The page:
What is the Financial Services and Markets Bill?
Introduced in July 2022, the UK’s Financial Services and Markets Bill (FSMB) is a landmark piece of post-Brexit legislation, which could usher in some potentially significant changes to how the domestic financial services industry – including asset management – is regulated.
The FSMB is looking to bolster the competitiveness of the UK on the global stage. The Bill will implement outcomes of the Future Regulatory Framework, support the Government’s levelling up agenda, and also aims to harness the opportunities of “innovative technologies” in financial services.
At the heart of the FSMB, which may become law by as early as Spring 2023, is a proposal which could see the revocation of all retained EU laws related to financial services, including UCITS, AIFMD (Alternative Investment Fund Managers Directive), MiFIR (Markets in Financial Instruments Regulation), Solvency II and the PRIIPs (Packaged Retail and Insurance-based Products) rules, along with regulations covering sustainability related disclosures, derivatives and short selling
However, it is important to stress that revocation does not necessarily mean these rules will be scrapped entirely – if at all – although they might be subject to changes.
Why is this happening?
At the point at which Brexit was consummated, the UK onshored vast swathes of pre-existing EU laws, mainly because there was no domestic legislation to replace them. A lot of the onshored rules are prudent and relatively uncontentious, so will likely be retained. However, there might be EU laws which are duplicative of UK legislation or that are no longer suitable given the UK is no longer in the Single Market. Meanwhile, some laws may simply be inappropriate and in need of annulment.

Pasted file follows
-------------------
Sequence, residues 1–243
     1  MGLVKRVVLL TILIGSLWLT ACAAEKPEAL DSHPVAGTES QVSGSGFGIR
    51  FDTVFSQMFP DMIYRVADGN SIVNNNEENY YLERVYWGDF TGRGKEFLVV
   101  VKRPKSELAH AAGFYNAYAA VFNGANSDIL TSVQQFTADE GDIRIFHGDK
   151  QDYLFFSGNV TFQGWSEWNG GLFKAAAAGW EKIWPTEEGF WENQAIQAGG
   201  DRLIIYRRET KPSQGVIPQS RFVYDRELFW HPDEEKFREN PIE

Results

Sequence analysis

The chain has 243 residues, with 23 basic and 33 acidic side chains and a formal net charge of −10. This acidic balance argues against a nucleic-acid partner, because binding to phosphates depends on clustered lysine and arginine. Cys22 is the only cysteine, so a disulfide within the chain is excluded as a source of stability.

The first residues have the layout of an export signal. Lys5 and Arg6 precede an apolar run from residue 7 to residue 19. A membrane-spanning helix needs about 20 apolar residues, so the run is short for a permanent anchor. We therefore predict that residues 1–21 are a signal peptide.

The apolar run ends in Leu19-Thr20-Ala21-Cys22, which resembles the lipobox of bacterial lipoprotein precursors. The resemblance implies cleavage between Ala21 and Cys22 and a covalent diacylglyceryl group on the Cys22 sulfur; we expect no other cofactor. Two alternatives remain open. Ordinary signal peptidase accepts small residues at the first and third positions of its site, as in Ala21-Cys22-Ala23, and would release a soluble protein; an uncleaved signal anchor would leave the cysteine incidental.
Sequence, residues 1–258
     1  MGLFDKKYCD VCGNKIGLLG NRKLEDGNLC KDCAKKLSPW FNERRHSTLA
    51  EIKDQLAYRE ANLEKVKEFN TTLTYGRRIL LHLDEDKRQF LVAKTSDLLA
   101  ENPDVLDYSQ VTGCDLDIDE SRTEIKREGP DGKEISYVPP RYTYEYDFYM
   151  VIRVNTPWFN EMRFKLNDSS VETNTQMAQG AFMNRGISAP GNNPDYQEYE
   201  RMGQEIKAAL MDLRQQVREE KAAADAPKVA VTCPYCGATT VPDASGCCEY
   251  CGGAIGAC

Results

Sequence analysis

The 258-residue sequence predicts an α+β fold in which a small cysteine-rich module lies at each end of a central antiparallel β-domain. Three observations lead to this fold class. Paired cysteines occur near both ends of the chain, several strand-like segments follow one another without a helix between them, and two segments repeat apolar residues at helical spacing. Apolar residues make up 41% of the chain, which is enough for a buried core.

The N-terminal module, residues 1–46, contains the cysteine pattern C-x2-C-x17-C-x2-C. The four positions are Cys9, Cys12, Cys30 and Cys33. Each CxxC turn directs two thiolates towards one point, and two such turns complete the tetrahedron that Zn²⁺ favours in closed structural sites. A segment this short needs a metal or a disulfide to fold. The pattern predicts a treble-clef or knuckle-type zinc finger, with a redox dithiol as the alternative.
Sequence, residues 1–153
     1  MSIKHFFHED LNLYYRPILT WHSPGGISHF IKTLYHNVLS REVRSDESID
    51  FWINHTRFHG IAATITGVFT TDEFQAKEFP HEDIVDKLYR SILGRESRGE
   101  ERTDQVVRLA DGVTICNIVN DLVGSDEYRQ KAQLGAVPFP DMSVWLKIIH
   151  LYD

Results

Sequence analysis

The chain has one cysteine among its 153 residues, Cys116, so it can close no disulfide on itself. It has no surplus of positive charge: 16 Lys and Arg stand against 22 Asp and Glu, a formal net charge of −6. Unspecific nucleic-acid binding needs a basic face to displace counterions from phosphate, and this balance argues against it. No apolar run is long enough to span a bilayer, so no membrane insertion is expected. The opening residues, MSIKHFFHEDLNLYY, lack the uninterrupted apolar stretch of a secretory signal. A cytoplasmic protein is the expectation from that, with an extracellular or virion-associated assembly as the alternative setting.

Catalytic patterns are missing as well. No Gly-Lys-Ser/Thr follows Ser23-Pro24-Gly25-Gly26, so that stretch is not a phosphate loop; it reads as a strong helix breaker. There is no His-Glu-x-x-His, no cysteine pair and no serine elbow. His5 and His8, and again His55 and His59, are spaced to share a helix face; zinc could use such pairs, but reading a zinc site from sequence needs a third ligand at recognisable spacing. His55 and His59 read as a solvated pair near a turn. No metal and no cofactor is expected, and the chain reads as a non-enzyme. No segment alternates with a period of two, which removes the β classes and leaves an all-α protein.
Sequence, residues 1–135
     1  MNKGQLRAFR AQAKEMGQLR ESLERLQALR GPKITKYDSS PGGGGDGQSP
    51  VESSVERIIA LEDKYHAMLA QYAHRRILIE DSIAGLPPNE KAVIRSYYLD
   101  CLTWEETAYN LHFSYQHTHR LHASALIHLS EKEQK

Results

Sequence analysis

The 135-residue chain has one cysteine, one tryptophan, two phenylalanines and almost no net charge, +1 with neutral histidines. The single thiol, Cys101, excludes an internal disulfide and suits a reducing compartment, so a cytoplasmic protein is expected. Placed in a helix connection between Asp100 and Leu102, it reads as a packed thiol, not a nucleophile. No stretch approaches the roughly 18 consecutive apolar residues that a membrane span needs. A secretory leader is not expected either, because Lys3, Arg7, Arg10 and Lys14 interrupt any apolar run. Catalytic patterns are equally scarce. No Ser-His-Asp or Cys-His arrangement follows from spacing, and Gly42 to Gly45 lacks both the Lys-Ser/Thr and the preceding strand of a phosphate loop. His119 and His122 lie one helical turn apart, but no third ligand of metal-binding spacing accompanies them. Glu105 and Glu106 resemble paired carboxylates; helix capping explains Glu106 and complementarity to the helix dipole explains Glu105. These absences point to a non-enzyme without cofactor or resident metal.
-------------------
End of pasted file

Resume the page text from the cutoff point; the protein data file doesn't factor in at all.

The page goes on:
The rules certainly create scope for the UK’s financial services regulations to diverge from the EU. For instance, the UK government has already said it will try and use these powers to impose changes to MiFIR, including removing the UK share trading obligation together with revisions to the rules around pre-trade transparency and systematic internalisers.
More significantly, the UK has already said it will implement substantial changes to the Solvency II regime, aimed at insurance companies. Under the revised rules, insurers will be subject to lower risk margin requirements and could benefit from streamlined reporting. If these provisions are enacted, the Treasury believes £100 billion of trapped capital in the insurance industry could be freed to invest into illiquid assets, including long-term infrastructure programmes and green energy.
In some quarters, however, there are mounting concerns that the FSMB could result in asset managers operating in both the UK and EU having to comply with two different sets of rules, a scenario which could create cost and complexity at a time when the industry needs neither.
Nonetheless, there is certainly potential for UK regulators to revise some of the existing rules as they apply to funds. IIMI will be reaching out to its diverse membership to discuss if any particular aspects of EU funds law needs changing, the findings of which will be outlined in a white paper later in Q1.